The Food and Drug Administration allowed the maker of a faulty implantable heart device to secretly log 50,000 malfunction incidents, according to a series of investigations by Kaiser Health News.
The device—the Sprint Fidelis, made by Medtronic—consists of a pair of wires and a defibrillator to jolt the heart into a regular rhythm.
Medtronic recalled the device in 2007 but only after it was implanted in around 268,000 patients. Many of those patients have since faced the ghastly choice of learning to live with the faulty device or undergoing an invasive, risky—sometimes deadly—surgery to remove it. According to the KHN investigation, they’ve been making that choice without information from the 50,000 incident reports.
Malfunction reports for devices like the Spring Fidelis are typically recorded in a public-facing FDA database called MAUDE (Manufacturer and User Facility Device Experience). However, the agency quietly set up an “alternative summary reporting” repository and for decades granted reporting exemptions for a wide variety of medical devices. The agency has since piled up millions of incident reports out of public view. That includes the 50,000 reports for the Sprint Fidelis. Since 2016, the FDA’s repository accrued at least 1.1 million reports of incidents and injuries overall from malfunctioning medical devices, KHN found.
The alternative reporting repository was ostensibly set up to cut down on paperwork for redundant incident reports. But its existence and use has been kept in the shadows, with many doctors, consumer advocates, and even some high-ranking employees at the FDA kept completely unaware of its existence. Now that they are aware, doctors and advocates say the concealed reports have kept necessary safety data from patients trying to accurately gauge and weigh their risks.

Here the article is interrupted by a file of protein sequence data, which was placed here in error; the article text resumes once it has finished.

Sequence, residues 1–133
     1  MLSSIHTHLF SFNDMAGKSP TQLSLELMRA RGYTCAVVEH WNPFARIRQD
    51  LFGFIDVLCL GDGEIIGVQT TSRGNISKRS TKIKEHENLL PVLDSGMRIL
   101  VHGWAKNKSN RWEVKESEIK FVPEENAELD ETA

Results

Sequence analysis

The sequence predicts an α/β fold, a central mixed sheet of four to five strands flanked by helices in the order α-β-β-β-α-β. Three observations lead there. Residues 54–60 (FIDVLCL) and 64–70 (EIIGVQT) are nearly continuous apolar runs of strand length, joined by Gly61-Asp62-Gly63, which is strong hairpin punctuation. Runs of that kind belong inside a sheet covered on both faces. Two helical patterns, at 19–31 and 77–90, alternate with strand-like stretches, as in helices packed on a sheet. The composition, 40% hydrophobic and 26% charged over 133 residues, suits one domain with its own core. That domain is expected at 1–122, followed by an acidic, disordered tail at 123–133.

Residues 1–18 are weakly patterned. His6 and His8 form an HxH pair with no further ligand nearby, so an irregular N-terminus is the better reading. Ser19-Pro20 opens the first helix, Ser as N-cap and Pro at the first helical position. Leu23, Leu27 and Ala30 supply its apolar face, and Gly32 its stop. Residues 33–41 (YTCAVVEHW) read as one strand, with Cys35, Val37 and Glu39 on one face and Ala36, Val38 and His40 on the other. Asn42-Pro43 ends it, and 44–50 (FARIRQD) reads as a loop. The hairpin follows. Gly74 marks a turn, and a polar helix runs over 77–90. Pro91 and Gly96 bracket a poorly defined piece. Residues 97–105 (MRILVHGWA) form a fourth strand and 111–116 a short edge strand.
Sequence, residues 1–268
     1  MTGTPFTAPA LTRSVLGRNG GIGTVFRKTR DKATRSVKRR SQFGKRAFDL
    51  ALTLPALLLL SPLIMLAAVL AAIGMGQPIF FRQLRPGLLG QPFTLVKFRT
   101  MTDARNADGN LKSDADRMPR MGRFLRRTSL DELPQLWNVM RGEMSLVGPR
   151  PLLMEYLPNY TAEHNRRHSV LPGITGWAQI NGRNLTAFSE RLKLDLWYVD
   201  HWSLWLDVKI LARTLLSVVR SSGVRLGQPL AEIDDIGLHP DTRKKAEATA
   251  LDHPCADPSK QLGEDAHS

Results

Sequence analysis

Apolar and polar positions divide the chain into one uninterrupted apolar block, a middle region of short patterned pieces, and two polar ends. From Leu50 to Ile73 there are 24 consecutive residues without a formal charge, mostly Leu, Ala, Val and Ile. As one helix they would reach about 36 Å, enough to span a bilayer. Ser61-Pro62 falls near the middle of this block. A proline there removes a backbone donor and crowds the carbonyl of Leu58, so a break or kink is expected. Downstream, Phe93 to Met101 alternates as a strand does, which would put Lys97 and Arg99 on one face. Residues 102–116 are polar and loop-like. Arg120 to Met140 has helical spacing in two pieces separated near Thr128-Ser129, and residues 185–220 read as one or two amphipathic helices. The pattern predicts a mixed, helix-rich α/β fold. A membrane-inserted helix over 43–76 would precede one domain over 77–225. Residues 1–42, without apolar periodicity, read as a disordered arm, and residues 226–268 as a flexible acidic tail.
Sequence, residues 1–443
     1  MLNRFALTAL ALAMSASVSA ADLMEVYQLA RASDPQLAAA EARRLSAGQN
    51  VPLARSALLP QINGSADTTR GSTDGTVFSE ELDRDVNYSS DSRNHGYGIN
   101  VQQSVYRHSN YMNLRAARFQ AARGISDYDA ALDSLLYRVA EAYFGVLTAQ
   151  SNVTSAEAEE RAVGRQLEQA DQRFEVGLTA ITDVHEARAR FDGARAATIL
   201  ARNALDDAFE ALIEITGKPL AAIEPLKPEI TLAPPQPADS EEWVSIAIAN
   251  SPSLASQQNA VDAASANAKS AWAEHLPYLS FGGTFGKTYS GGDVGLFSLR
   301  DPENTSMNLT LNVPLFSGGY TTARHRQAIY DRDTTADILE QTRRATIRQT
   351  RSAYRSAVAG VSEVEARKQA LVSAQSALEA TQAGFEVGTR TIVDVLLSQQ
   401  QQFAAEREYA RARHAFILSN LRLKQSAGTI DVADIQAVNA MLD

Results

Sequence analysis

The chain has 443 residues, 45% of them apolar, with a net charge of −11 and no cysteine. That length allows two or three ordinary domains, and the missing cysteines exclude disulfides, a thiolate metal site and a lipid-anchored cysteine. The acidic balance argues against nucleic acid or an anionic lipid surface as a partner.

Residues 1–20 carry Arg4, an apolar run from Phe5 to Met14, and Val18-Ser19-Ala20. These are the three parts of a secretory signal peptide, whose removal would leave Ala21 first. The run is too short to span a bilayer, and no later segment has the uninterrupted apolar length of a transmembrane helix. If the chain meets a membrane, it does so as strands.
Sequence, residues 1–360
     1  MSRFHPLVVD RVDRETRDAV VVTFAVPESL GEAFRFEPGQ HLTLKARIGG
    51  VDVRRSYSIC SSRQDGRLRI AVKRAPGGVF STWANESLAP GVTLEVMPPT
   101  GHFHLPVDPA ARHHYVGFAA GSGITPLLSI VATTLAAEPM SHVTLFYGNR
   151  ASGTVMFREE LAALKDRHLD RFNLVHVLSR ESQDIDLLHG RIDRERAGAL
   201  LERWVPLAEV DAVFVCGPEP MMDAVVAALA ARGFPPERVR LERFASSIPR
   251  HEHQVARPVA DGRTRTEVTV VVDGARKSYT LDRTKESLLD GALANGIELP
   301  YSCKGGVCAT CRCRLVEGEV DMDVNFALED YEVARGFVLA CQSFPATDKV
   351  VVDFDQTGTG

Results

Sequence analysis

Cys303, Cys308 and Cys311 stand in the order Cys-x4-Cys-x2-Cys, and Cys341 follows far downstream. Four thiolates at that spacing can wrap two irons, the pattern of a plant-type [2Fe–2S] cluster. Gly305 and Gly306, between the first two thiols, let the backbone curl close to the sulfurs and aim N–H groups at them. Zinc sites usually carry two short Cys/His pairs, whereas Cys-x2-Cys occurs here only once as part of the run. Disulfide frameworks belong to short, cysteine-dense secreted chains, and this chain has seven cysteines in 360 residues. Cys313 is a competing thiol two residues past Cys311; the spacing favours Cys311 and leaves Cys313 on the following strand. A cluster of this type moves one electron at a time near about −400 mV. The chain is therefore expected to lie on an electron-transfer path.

“It’s not in the best interest of the patients who have these devices,” Dr. Robert Hauser told KHN. Hauser, a Minnesota cardiologist, was one of the first to raise concerns about the Sprint Fidelis. After learning that the FDA had granted Medtronic a MAUDE-reporting exemption for the Sprint Fidelis, Hauser responded: “Amazing. Really amazing.”
The list of exempted devices includes common and controversial devices. Some of these are typically implanted into patients and used in common surgeries, such as pelvic mesh, surgical staples, balloon pumps for improving circulation, breathing machines, and breast implants.
Following KHN’s investigation, the FDA announced that it will be shutting down the “alternative summary reporting” repository and ending exemptions. Former FDA official Dr. S. Lori Brown told KHN that the move is a “victory for patients and consumers.”